Step 1: Download and unzip your Indigo install: http://download.eclipse.org


Step 2: Import your plug-ins from your previous install by doing File > Import > Install > From existing install, pick your old install, select the plug-ins and there you go! You can chose to go piece meal, or chose to pick several entries, in any event dependency analysis will be performed to check the validity of the install.


Step 3: Click next a couple times and patiently wait for the bytes to download to your machine. Then restart and enjoy!


Wednesday, May 25, 2011

Montreal democamp notes

Eclipse democamp in Montreal came and went. It was definitely a great event with a lot of participants and great presentations. Here is a quick recap of what was there.

Remote provisioning with JMS
In this demo, Anthony demo'ed how he used the p2 API to remotely manage with JMS multiple nodes running p2. To help with the visual aspect of the demo, the managed application was an RCP app show casing the dynamic addition and removal of a menu, but the application scheduled to go in production in a couple months will be handling regular OSGi apps.
After having heard about this project on the p2 ml, I was happy to see it live!

z/OS synchronization
Here, Johnny demonstrated how the Eclipse Team API can not only used to work against SCMs but can be used to keep a remote system and a local system in sync.
In this case, he was demonstrating how to keep a z/OS system in sync with resources in the workspace reusing concepts like commit, update, sync, etc.
The presenter was pretty happy to note that he has been able to implement everything he needed *only* using the API and that the API was well designed and well documented.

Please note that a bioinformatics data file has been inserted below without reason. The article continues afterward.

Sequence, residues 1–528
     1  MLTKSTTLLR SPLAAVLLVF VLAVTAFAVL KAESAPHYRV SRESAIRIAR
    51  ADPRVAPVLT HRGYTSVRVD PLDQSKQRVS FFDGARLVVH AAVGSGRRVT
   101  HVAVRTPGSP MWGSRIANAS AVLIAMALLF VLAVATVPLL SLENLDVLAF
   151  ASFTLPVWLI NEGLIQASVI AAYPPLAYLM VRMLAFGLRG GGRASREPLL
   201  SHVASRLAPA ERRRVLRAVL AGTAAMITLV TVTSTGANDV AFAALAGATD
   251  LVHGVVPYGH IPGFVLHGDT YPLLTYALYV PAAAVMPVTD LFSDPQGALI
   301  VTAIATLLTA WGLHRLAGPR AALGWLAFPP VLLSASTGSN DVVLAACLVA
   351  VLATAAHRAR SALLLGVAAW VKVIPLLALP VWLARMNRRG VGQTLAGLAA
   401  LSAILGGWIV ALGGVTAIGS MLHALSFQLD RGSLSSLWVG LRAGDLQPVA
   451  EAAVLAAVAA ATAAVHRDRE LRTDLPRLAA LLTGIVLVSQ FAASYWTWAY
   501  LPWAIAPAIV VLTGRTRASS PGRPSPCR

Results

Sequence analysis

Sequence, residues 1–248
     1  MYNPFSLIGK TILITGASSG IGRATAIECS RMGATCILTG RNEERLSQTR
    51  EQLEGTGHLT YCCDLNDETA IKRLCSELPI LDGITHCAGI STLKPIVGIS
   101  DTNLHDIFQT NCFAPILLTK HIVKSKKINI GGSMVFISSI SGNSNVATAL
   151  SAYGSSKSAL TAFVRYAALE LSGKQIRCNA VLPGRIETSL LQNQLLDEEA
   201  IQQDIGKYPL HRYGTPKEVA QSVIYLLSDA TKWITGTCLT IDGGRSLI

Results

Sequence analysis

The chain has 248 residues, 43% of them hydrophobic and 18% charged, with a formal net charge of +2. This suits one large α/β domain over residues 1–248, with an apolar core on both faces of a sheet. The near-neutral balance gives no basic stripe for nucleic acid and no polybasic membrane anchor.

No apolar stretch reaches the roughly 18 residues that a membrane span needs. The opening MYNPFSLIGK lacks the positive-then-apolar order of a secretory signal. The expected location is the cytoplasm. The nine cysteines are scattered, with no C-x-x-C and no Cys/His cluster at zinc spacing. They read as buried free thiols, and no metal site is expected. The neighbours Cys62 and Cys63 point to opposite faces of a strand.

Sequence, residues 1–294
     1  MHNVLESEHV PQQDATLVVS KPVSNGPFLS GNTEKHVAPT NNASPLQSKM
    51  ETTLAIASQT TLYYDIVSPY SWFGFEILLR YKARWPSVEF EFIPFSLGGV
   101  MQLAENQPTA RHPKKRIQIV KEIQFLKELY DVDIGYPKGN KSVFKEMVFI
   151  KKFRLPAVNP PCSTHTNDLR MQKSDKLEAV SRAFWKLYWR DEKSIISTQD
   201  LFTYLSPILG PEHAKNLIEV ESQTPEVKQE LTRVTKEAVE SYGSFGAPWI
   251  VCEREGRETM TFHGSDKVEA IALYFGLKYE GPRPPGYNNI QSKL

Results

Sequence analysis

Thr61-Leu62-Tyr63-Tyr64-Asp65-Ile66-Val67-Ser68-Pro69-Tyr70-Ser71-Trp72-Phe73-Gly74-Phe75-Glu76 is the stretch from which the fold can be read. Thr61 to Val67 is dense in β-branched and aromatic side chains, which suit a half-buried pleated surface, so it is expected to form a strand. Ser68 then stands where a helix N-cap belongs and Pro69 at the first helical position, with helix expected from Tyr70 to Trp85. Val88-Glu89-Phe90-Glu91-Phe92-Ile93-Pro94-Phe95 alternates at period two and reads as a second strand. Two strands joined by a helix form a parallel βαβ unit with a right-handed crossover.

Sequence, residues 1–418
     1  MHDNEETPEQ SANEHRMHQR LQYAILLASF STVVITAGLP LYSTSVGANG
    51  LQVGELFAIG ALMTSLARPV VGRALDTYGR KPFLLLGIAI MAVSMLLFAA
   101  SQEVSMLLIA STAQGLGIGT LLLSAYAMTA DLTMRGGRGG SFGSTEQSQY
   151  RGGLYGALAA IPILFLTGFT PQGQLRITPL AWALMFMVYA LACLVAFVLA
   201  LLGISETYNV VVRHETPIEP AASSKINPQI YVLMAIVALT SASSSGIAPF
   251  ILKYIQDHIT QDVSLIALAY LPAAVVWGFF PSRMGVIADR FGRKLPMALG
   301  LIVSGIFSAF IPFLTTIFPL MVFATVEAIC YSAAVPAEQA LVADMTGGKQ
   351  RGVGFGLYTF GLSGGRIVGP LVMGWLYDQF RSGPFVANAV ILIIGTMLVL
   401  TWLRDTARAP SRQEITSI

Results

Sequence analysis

PDE feature dependencies visualization
This time Johnny demonstrated the work of one of his coop that consists in adding to the PDE visualization project the ability to view inter feature dependencies.
In this case, they started by implementing a clean Model / UI separation where the model is agnostic of features and simply uses a generic graph. With this graph based model, they have been able to implement well known graph algorithms such as shortest path, or cycle detection.
This tool will definitely be a nice addition to the PDE visualization and I'm already dreaming of a p2 extension for it :)

Eclipse@CSA
During this presentation Regent from the Canadian Space Agency demonstrated how the various Eclipse frameworks (RCP, EMF, etc.) helped the agency deliver in no time a large set of products ranging from a way to operate highly autonomous bots to space operations planning software. Regent was strongly recommending the usage of EMF as a time saver.
The good news is that some of the components the agency has developed will also be contributed back in the open source, but this is a long process since this is a first time.